Jungle Diseases

12 of December

Aidan’s Birthday

Feliz cumpleanos my brotha! You’re such an amazing, sweet guy with a big heart and crazy athletic abilities. I love you.

Guys, I’m not actually sure how to tell you what has been going on with me. I mean, it’s very easy to report that I’ve contracted an infectious skin irritation, that homeschooling looms just a month away and winter break begins after school gets out on Friday, and that my uncle, aunt, cousins, nana, and Papa are scheduled to touch down in Cancun in a little under a week. It’s simple to tell you that my conscience hasn’t been totally crystal clear since middle school hit me four years ago.

Last night I sat, legs dangling, on the tiled countertops while Mum scrubbed the dishes and we talked. “Is there anything you want to tell me?” She turned to look me in the eyes with a quizzical, knowing expression. I wish I knew what she knew about life.

On Sundays, my family and I make the routine trek to the rented room in the City Express Hotel for church, where we listen to Pastor Doug preach in words that resonate so well with me. He speaks of happiness, relationships, consciences- and although I sit with my back straight as a board and my legs crossed properly in those stiff blue chairs while my butt gets numb and I shiver lightly from the AC, I am actually screaming at the top of my lungs. “Yes, tell me more! Tell me how I can do this better.” And I’m screaming about my life, of course.

When Monday morning rushes into action, I usually find myself in a state of perpetual dreariness from the time I wake until the time my head hits the pillow that night. It passes me by, filled with art and music and socializing and talking to Justin, who wants me to go back to California with him. He offered to book two tickets for us to go, and I just thought about how he sometimes forgets how old I am.

One Tuesday, Sammy packed up his bags and walked out of Papalote with his siblings, and I never saw him again. I never got to tell him I’m sorry, and I never hugged him goodbye. He robbed me of my peace, stripped my ego, and branded my conscience with notions of amendments never fulfilled. Never, never, never. I never told him he was my best friend.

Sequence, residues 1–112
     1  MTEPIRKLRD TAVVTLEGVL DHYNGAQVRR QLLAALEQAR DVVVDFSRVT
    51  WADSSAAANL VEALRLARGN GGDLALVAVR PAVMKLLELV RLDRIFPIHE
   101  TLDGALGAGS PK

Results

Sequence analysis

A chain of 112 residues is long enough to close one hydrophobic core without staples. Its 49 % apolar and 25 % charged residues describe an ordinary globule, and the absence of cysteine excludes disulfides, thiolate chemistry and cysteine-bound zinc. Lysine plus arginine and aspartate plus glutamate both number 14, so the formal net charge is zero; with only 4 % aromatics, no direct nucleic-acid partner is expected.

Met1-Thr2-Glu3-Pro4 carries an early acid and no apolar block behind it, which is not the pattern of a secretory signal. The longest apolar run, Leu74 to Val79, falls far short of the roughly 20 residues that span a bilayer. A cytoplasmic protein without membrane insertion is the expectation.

On Wednesdays I try to conjure up enough stamina to weather the school day through. This Wednesday I did something special though- a community offering, a foreshadowing omen of art- when I spent the hour drawing the things I love most about my school on the big, dusty chalkboard. The cigarette chalk dug into the creases of my palm, cracking brittlely as if it was an aging priest. However, I did not recoil. I have not ever been afraid to get dirty, to dig my boyish fingernails into the mud of labor. As I cartoonified the likenesses of my friends in Quintana Roo, a crowd gathered at my heels. I was a mile high: doing my art surrounded by people I’ve come to love and Malakai’s phone blasting dance music into the still afternoon. I swayed and skipped and jumped and quaked and soon a cacophony of chairs were drug up to my chalkboard canvas like an austere audience. I created visions of my Heaven up on that board; our serene, familial chaos marching haplessly across the wall in pastel white. Malakai crowed at my picture of him lifting his shirt and pointing to his six pack with a smirk and Heather, the English teacher, breathed that I had captured the essence of everyone in a few short strokes of chalk. I couldn’t agree more.

By the time Thursdays roll around, it’s time for artes again with the revered Carmen for two hours. I used to hold her in high esteem, but now, I don’t give one nod of a head as to whether or not she is impressed by my artwork. As I told Jim once, I’m done trying to impress people. I had the whole school in the palm of my hand for almost four months- now it’s time for me to sit back and enjoy the fruits of my social butterfly personality. Instead of constantly being on edge with a pointed, cynical remark prepared at hand and fresh breath, I just let go and am finally, totally comfortable with El Papalote. Comfortable in the way that I wear sweats to school and forget to put on makeup. It’s not a bout of laziness, it’s a homage to a close-knit family lifestyle. Home away from home.